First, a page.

WE LIE IN OUR BEDS IN THE DARK. There is a picture of the children on the bureau. A patch of moonlight catches our clothes thrown over the back of a chair. We can hear the faint rumble of the furnace in the cellar. We are surrounded by the reassurance of the familiar. When the weather is bad, we have shelter. When things are bad in our lives, we have a place where we can retreat to lick our wounds while tens of thousands of people, many of them children, wander the dark streets in search of some corner to lie down in out of the wind.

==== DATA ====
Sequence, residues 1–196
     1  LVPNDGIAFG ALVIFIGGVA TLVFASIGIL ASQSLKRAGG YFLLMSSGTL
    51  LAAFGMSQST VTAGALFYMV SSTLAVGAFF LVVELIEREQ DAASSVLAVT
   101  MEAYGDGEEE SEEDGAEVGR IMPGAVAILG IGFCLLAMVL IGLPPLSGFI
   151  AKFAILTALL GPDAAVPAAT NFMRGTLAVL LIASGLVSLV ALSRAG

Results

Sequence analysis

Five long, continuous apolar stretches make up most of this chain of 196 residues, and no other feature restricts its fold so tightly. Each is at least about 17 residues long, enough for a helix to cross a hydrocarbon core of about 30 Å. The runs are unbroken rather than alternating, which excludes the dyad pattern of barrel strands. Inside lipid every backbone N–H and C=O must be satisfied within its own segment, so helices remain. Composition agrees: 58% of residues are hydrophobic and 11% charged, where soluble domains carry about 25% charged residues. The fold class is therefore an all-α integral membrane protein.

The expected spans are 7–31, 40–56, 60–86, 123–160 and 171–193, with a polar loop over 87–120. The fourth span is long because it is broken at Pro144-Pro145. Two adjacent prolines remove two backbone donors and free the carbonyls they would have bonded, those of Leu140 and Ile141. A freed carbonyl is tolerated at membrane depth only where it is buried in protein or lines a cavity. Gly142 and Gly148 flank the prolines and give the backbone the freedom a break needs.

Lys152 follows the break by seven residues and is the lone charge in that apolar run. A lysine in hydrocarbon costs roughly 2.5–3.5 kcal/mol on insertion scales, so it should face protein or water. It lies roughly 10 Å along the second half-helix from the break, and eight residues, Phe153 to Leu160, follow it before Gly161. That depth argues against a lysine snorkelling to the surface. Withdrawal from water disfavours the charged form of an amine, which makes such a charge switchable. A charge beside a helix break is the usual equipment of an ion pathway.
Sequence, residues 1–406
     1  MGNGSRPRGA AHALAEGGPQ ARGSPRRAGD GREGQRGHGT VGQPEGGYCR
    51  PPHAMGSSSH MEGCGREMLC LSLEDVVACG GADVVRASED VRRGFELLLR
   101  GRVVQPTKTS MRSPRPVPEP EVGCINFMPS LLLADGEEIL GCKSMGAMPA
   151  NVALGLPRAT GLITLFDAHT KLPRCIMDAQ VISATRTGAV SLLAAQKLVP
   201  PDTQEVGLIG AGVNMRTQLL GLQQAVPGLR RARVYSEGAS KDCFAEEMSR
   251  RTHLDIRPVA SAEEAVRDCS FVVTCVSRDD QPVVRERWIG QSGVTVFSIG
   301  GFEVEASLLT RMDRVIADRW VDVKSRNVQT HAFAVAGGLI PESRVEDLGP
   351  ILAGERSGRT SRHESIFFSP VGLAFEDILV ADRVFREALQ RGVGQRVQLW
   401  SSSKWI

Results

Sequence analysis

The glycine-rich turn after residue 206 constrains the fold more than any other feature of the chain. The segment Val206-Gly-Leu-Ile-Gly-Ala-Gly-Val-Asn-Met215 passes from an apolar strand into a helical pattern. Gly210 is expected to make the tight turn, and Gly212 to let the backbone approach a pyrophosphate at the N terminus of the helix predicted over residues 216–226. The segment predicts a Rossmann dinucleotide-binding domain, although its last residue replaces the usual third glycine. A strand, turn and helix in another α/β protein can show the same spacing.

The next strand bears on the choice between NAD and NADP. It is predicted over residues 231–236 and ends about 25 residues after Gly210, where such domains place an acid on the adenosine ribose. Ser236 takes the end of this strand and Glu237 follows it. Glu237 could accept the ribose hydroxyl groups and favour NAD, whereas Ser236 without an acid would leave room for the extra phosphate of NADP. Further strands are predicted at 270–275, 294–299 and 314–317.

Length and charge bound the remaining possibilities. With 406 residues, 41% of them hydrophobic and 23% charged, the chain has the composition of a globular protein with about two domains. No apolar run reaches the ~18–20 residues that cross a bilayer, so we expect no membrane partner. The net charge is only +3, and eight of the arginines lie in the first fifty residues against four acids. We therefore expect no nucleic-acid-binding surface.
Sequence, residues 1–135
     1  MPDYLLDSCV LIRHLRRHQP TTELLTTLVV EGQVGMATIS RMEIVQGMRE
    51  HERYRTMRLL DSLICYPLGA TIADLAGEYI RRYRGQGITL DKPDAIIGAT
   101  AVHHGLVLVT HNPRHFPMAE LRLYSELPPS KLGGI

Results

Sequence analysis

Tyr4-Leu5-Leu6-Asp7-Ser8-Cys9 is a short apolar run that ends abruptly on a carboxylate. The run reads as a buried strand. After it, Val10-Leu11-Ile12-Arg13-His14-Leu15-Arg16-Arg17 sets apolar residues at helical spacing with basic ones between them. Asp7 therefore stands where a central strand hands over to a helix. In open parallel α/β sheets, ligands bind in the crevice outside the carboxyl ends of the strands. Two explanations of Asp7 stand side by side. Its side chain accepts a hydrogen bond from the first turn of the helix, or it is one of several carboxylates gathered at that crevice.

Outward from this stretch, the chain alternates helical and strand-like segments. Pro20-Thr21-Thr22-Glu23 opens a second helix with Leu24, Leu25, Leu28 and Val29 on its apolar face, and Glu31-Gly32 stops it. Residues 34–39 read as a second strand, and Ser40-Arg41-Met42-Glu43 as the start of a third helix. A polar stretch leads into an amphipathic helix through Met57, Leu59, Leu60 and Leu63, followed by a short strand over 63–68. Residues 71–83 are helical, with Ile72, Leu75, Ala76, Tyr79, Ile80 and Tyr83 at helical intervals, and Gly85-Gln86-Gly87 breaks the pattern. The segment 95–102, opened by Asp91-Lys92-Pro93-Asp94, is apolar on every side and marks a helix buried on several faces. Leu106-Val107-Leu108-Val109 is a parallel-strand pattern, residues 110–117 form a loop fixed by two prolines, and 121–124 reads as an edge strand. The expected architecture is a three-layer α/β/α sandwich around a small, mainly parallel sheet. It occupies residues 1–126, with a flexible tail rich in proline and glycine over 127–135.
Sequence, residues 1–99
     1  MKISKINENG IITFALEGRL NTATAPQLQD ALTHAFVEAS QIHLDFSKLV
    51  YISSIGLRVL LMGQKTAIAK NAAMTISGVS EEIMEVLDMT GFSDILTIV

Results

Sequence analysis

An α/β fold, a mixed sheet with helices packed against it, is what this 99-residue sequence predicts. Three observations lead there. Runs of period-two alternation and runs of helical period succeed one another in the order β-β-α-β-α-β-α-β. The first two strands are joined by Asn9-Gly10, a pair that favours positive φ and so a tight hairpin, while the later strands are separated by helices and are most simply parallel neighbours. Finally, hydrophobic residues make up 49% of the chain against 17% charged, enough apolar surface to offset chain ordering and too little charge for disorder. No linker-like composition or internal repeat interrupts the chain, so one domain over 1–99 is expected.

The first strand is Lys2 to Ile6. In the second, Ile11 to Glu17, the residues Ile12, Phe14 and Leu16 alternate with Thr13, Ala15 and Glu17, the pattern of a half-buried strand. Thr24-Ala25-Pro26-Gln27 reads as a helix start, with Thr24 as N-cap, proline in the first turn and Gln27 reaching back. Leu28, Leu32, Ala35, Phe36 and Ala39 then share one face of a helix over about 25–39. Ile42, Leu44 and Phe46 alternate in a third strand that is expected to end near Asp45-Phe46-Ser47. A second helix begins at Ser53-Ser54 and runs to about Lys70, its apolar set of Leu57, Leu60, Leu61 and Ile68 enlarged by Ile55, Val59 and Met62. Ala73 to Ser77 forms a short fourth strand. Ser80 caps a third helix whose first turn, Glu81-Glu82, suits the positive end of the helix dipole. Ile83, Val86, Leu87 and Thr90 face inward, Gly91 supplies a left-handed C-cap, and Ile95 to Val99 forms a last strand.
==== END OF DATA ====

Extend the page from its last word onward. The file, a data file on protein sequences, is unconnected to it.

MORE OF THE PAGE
Yet we are homeless even so in the sense of having homes but not being really at home in them. To be really at home is to be really at peace, and there can be no real peace for any of us until there is some measure of real peace for all of us. When we close our eyes to the deep needs of other people, whether they live on the streets or under our own roof—and when we close our eyes to our own deep need to reach out to them—we can never be fully at home anywhere.